As students become involved in opportunities like this, the seed is planted for the possibility of more research in their undergrad or possibly post-grad education. The experience definitely changed Thorson’s mind. “The process of research was always interesting to me, but I wouldn’t have wanted to pursue it more before this experience. Being able to find data that’s actually useful to the world and share it with people who understand and are interested is massively rewarding. Research is definitely something that I at least want to contribute to in the future.” Senior information systems major Nate Wade agreed, saying, “The SIGCHI conference absolutely inspired me to want to do more research involving human-computer interaction. Having the opportunity to share our research with highly skilled professionals was a huge blessing on my life and I hope to do more research in the future.”
While it may seem daunting for students to present their research in front of industry experts, the ACU SIGCH group found validation and encouragement. Senior information systems major Davis Arnold said, “Having people already working within the industry and telling us that the research that we presented was something that they had been wanting to see was rewarding; it showed us that all the work that we put into our research was completely worth it.” Skeen agreed and added, “Seeing our research be presented and people interested in our poster was validating; this was something that other people were interested in, rather than just us. Being able to actually be there in person made the work that we had been doing over the course of the previous semesters more tangible.”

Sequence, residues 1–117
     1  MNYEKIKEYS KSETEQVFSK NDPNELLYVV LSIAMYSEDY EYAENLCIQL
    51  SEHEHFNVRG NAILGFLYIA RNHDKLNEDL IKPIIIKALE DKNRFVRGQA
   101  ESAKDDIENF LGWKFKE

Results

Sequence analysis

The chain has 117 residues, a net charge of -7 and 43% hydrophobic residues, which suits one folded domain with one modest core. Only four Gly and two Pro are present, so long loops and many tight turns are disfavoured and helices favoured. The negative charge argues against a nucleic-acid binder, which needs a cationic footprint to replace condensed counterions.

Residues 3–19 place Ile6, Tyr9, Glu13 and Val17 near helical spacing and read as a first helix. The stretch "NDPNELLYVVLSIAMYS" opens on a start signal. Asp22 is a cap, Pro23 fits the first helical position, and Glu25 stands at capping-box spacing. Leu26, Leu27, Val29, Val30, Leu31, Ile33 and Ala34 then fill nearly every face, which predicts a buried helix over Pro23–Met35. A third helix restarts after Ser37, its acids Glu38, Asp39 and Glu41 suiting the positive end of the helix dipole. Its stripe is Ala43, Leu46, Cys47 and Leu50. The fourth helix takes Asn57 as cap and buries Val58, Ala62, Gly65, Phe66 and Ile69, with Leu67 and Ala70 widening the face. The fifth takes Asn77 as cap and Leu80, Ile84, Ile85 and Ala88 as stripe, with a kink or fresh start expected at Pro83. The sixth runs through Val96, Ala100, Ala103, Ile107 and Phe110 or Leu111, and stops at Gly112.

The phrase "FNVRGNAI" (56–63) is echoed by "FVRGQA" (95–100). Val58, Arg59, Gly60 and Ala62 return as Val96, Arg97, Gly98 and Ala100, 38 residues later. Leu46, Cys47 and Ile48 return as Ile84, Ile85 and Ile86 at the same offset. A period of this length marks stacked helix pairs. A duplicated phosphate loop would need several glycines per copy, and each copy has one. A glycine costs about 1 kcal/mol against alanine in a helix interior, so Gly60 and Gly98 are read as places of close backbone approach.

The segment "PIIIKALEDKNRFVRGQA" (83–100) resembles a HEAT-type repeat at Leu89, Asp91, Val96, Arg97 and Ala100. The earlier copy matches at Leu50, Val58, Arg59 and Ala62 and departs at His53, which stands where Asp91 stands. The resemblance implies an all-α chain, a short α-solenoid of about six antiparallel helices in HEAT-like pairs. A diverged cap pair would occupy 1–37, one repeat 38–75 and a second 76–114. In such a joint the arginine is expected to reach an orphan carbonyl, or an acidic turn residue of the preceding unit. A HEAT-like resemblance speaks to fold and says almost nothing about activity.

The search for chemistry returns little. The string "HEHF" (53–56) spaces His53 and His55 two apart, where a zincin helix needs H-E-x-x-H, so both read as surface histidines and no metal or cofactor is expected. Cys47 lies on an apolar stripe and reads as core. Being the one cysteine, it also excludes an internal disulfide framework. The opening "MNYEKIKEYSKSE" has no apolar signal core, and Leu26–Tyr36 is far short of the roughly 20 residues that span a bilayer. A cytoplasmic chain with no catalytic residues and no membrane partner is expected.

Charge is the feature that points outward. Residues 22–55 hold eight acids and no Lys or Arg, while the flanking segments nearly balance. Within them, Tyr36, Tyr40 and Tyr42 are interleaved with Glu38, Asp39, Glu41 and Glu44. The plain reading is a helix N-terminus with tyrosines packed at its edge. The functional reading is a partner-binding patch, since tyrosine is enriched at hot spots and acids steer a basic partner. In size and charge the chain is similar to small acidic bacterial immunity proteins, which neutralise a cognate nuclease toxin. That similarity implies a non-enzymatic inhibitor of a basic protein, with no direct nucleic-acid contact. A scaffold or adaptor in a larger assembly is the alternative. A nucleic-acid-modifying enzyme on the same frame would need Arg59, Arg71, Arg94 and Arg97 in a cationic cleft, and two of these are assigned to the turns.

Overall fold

As well as receiving a boost in confidence in their research abilities, presenting the paper also offered a new perspective. Thorson said, “Other researchers were actively interested in our research and its implications for design and usability in regards to multi-factor authentication. In the process of presenting, we came across new questions we hadn’t asked, and even more ways to expand on the research than we already planned.”
When students have the opportunity to attend a professional conference, it gives them a glimpse into their potential future careers as they see how large the community is that they are now a part of. Arnold found himself awed at the opportunity saying, “Being able to be a contributing and recognized part of something so much bigger than ourselves was both humbling and a valuable experience.” For Skeen, the possibility of continuing her education post-graduation is something that is now on her radar. “Seeing all of the research that was taking place from around the world was interesting, and seeing what the next steps could be if we decide to pursue this type of research in graduate school definitely made the option seem more available to us.” She also realized how her research will direct her professional goals. “Software should be designed with the user in mind, making something intuitive enough that it can actually be used without causing stress. Being able to see how this was applied in the conference, how we’re learning the best ways to make things more usable, really brought the work we had done in our classes to life and showed how we could think about HCI outside of the classroom. I will keep that in mind as I work on software in the future, using this research to make the applications that I create more usable.”
The ACU SIGCHI group is excited to take on another project for the next conference. Davis Arnold summed up the highlight of the group’s experience and what their next goal is, saying, “Getting the chance to network with like-minded people and getting the chance to see their research contributions. It was also incredibly exciting to see our own research stand up on its own, earning us third place in the student research competition. We are hoping to put together an even better paper in this coming year and hope to win it all at the CHI 2023 conference in Hamburg, Germany!” Dr. James Prather hopes that the students find not only success but inspiration as well. “I hope they were able to see and understand what it takes to be at the next level. They were in awe of the presentations by graduate students and I hope it inspires them as they prepare for next year’s research study.”